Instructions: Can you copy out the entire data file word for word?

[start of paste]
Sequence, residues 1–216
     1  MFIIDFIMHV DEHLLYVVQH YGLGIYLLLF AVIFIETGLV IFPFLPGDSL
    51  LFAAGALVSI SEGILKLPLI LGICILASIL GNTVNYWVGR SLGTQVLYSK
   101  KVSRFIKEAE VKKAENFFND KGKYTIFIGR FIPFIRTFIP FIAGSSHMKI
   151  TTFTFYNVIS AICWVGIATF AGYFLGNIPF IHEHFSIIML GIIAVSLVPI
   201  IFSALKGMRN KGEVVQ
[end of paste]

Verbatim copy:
Sequence, residues 1–216
     1  MFIIDFIMHV DEHLLYVVQH YGLGIYLLLF AVIFIETGLV IFPFLPGDSL
    51  LFAAGALVSI SEGILKLPLI LGICILASIL GNTVNYWVGR SLGTQVLYSK
   101  KVSRFIKEAE VKKAENFFND KGKYTIFIGR FIPFIRTFIP FIAGSSHMKI
   151  TTFTFYNVIS AICWVGIATF AGYFLGNIPF IHEHFSIIML GIIAVSLVPI
   201  IFSALKGMRN KGEVVQ